- Extended Response or Extended Constructed Response items: these items require more elaborate answers and explanations of reasoning allowing students to demonstrate use of complex thinking skills such as formulating comparisons or contrasts; proposing cause and effects; identifying patterns or conflicting points of view; categorizing, summarizing, or interpreting information; and developing generalizations, explanations, justifications, or evidence-based conclusions – essay is an example of this item type.
- Technology Enhanced items: these item types will leverage technology to allow students to demonstrate their content knowledge by doing things like selecting one or more points on a graphic, dragging and dropping a graphic from one location to another, manipulating a graph, etc.
- Performance Tasks that will be used to better measure capacities such as depth of understanding, research skills, and complex analysis, which cannot be adequately assessed with selected and constructed response items. Performance tasks focus on demonstrating a depth of knowledge of big ideas across multiple content standards; reflect a real-world task and/or scenario-based problem; allow for multiple points of view and interpretations; and require students to produce several scorable responses, products, or presentations. It is expected that performance tasks will take up to two hours to administer.
After identifying what’s different about the new standards and assessments, the next step is to connect the instructional practices, curricula, and formative assessment to this new, more challenging content. This is the precise challenge we, as educators, face in preparing for the 2014-15 implementation of the CCSS tests. Classroom-level formative assessments need to include the new item types so students have the experience needed before taking the end of year tests. Along with updated assessments, we need curriculum and instructional practice that prepares students for the more challenging tests – including the specific content changes incorporated in the new CCSS standards and tests. An example of this is the language arts addition of more complex non-fiction, informational text requiring reading and writing grounded in evidence from text.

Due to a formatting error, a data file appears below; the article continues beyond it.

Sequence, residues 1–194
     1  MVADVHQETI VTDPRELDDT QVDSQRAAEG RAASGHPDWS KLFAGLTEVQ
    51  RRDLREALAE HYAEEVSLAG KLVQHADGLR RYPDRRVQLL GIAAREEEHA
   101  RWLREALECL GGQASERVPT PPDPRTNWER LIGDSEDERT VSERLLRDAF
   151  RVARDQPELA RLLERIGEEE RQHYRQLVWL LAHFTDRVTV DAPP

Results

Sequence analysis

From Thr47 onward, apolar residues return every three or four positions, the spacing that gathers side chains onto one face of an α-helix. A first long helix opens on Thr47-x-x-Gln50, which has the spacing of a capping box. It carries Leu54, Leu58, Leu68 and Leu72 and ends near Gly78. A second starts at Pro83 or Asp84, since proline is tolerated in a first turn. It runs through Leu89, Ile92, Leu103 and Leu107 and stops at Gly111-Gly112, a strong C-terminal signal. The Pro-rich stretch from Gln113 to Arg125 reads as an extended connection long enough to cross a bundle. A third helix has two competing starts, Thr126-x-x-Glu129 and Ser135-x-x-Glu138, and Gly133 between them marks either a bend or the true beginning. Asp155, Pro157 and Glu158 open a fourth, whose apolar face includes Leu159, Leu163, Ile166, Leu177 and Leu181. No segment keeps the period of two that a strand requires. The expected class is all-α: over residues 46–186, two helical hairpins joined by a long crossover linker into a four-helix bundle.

The burden of preparing for the CCSS standards and assessments should not be shouldered exclusively by teachers, administrators and students. Publishers, like Edmentum, have a responsibility as well. At Edmentum we have not merely taken existing content and rubber-stamped it as “Common Core aligned,” but we have invested—and continue to invest—a great deal to of time, money, and innovative thinking to meet the challenge of CCSS. We have already enhanced our reading language arts and math curriculum and assessments to align with the more complex and challenging CCSS standards. And as the two assessment consortia, PARCC and Smarter Balanced, continue to publish more design details around the new item types and assessment blueprints, Edmentum continues to work in parallel to update our assessments and instruction with new items types now in development, including: constructed response, extended response, technology enhanced, and performance tasks.
I believe we have a shared responsibility as educators to continue raising the bar so that today’s students will become the successful, innovative, creative thinkers needed for the future.